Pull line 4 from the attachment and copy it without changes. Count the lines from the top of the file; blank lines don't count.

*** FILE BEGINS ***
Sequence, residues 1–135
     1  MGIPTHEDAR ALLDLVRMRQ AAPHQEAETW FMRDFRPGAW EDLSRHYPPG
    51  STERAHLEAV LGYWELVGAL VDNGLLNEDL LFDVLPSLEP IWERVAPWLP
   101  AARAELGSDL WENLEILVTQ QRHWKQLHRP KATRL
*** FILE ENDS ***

   101  AARAELGSDL WENLEILVTQ QRHWKQLHRP KATRL